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With a passion for humanitarian aid work, Wairarapa District Health nurse educator Jenny Percival is home after spending six months working with the International Committee of the Red Cross (ICRC) in the world’s newest country, South Sudan. Jenny was one of several Kiwi nurses from New Zealand Red Cross making up an international surgical team.
Treating gunshot wounds and severe malnutrition
Years of tribal tension and instability mean organisations like Red Cross are well established in the region. Along with medical aid, ICRC supports communities with food, water, sanitation and building programmes. They help people to grow their own food and run immunisation programmes for cattle, as cows are the main source of wealth and prestige in South Sudan.
Jenny spent some of her time working in a community hospital in Maiwut, close to the Ethiopian border with Sudan. The hospital is resourced by ICRC and includes a fully equipped surgical team, supplying all the medicines and supporting local staff wages as government wages are not reliable. Her main focus was treating weapon wounds, mainly from gunshots. She also worked with children and locals suffering common medical conditions: severe malnutrition, pneumonia (in small children), gastro bugs, and hepatitis.
Her 15 years’ experience as a nurse in Wairarapa Hospital’s Emergency Department was put to the test in South Sudan. Jenny took part in several emergency medical evacuations where patients needing urgent surgery were airlifted by plane or helicopter to a makeshift theatre.“This was typically an existing concrete building where we could set up with a portable generator and steriliser. Small things that we take for granted in New Zealand, like blood transfusions, were challenging. There was no way to store blood. If a patient required a transfusion we had to ask a relative for blood, and keep our fingers crossed that the laboratory was available," she says.
It was times like these it really came home to me how resilient the human body is. It’s incredible how people can survive with simple interventions, and often having a hospital stay for many months. Life is hard. Conditions are harsh, but the people are stoic and hopeful and brave.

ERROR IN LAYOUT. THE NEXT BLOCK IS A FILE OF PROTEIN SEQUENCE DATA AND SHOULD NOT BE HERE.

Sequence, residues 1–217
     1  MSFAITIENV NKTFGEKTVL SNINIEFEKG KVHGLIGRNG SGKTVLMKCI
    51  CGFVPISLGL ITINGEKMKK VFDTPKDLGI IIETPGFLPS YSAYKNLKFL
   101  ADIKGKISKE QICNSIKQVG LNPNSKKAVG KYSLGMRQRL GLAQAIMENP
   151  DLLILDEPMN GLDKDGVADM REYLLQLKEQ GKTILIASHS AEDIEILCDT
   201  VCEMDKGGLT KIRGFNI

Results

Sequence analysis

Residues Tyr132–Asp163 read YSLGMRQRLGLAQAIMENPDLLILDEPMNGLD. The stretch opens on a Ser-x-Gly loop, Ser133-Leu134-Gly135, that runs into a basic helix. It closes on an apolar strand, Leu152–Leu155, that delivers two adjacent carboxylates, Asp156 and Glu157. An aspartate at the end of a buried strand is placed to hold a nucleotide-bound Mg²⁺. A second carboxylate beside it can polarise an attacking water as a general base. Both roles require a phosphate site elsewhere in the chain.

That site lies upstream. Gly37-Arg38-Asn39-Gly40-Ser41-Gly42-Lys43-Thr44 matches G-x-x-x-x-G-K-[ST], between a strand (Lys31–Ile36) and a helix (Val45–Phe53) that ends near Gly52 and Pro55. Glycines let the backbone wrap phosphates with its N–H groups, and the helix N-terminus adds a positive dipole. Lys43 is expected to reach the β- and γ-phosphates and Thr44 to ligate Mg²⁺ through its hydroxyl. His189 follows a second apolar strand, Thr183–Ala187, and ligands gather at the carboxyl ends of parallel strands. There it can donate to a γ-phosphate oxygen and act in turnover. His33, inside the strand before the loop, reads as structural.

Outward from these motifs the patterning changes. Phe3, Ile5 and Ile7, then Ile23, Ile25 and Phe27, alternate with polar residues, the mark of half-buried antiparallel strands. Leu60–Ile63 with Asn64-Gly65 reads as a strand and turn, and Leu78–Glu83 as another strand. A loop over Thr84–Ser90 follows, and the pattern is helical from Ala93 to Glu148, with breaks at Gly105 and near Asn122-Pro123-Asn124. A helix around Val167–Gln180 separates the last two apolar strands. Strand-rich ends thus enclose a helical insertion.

Jenny worked with South Sudanese nurses to educate them on supportive care – although it was very different to her nurse educator role in the Acute Services at Wairarapa Hospital.
“At home, as a nurse educator, I’m there to help new staff and graduates develop skills and confidence and keep up with the latest advances in research and clinical practice. It’s great to be able to support nurses to grow and develop,” she says.
“In South Sudan, the priorities were very different. I guided and reinforced the nurses’ skills around patient care but at the same time, the cold hard facts were I had to prioritise what was most important at that moment. Saving lives was paramount.”
"We all have a different way of doing things"
She’s positive about her time spent in South Sudan and the contribution she made.
“Six months gave me time to hopefully embed some basic nursing practices with the nurses I was working with. The locals see so much change with medical teams coming and going, continuity is difficult as we all have different ways of doing things.”
Barriers around language and culture meant it was easy for things to get lost in translation. In Juba, the capital of South Sudan, the main language is Arabic, but there are also 60 indigenous languages. The medical team, many of whom spoke English as a second language, relied on translators and family of patients to communicate.
Despite the challenges, Jenny is enthusiastic about doing more aid work, and is part of New Zealand Red Cross’ Emergency Response Team for the Pacific.
While it is an adjustment to settle back into life at the District Health Board, she is very pragmatic about the contrasts of South Sudan and New Zealand.
“Over there, I had to let go of my own world view and just accept that that was how life is over there. Other things become more important.”